10 Tips for the Truck-Camping Hunter
These 10 tips for the truck-camping hunter will also serve the fisherman and road-tripper as well. For us though, hunting season has arrived and that’s really all we’re currently thinking about. These tips are also meant to be friendly for those on a budget and who hate packing for a trip. What we mean by the latter is that if you simply keep all your camping gear together, then all you’ll have to do at the time of departure is pitch it in the truck.
- Keep all your camping and cooking stuff together, as mentioned. Then, when hunting season is over and you’re ready to go on a weekend-long fishing or camping trip, you’re already ready.
- As soon as the trip is over, clean and repair your gear. Again, at go time, that’s all you do… go.
- Plan a menu. Some folks preach simplicity in what they pack to eat. We do too. It just doesn’t involve many freeze-dried foods or dehydrated bananas. While a few packs of each are handy to have, why not plan on eating good things, especially at night after a long day afield? Get a Yeti, or any double-walled, roto-molded cooler. Then, you can store steaks, chops, cheese, eggs and a variety of vegetables. Not to mention cold beverages. Let those who are opposed to hunting fund the oatmeal companies.
- For cooking equipment you’re going to need the basics: a stove top, iso-butane, cooking pots and pans. If we’re truck camping, we don’t leave home without a well-seasoned cast-iron skillet and a baby food jar of bacon grease. Substitute olive oil if you wish. Salt and pepper are also necessities. If you can fit it, a good cooking surface is also highly pleasurable when the last thing you wish to do is squat over a tiny burner, watching water boil. Camp Chef makes a great double burner that stands waist high. Then you can cook meat and vegetables at the same time.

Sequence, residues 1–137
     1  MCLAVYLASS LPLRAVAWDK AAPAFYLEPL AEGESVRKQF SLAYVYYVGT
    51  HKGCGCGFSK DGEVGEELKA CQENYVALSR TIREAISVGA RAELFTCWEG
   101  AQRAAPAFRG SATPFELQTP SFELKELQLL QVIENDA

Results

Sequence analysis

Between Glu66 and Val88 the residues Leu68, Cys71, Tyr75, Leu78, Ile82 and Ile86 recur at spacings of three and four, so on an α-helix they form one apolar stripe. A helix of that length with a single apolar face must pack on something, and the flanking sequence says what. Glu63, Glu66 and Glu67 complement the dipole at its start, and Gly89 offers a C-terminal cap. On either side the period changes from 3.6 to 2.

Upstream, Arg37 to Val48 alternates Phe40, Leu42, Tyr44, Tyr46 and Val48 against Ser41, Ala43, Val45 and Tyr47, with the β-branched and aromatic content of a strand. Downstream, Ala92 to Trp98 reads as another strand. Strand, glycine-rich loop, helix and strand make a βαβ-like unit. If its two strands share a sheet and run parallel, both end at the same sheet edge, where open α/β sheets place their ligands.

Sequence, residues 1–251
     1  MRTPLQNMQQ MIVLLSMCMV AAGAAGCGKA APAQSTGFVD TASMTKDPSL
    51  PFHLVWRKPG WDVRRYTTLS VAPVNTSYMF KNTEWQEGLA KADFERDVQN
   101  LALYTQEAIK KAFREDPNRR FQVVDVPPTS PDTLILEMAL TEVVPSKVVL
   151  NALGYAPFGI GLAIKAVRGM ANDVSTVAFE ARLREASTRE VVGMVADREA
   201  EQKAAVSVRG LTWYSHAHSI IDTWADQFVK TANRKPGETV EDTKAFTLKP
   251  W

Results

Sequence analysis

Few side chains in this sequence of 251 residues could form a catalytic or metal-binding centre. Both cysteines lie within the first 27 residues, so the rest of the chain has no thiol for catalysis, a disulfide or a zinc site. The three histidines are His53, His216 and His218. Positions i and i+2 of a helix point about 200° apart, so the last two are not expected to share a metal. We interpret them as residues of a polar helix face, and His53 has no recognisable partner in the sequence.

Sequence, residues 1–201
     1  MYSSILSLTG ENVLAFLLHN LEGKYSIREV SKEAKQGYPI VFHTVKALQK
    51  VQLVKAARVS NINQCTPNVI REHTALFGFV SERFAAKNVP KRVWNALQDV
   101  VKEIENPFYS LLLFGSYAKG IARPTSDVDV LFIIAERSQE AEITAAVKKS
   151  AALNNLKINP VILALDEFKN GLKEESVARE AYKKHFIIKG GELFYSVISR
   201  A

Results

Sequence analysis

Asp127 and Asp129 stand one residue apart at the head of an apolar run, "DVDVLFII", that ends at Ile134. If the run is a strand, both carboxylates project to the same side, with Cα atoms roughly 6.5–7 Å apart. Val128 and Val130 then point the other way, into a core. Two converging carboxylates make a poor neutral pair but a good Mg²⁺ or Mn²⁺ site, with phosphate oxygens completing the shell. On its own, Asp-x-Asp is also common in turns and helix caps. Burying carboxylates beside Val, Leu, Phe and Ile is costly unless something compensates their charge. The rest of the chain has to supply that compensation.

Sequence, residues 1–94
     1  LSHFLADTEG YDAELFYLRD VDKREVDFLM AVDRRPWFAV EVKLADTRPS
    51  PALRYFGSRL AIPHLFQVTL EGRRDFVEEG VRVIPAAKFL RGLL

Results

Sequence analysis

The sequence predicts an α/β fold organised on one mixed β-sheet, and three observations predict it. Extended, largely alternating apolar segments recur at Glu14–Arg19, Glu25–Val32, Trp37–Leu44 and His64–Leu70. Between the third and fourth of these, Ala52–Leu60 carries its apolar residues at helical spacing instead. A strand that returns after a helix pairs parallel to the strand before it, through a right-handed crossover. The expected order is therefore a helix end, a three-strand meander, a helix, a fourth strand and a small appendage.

- Unless you drive an SUV, use waterproof containers to store equipment in the bed of your truck.
- Better yet, get a camper shell for such trips. The bed of the truck can also serve as a bed for you in an emergency situation.
- Pack your slippers. This again?!, you say. Happy feet are an elixir to the well-being of body, mind and soul after a hard day’s hunt.
- Pack folding chairs.
- How about a musical instrument. And cards. A few books. Turn your dang cell phone off.
- Study the area before you arrive. If there’s a creek near your camping spot where a midday brook trout might swallow a fly, know about it and have your rod ready. It’s at this point where you’ll also be thankful for the skillet and bacon grease.
It’s the season. Go to it!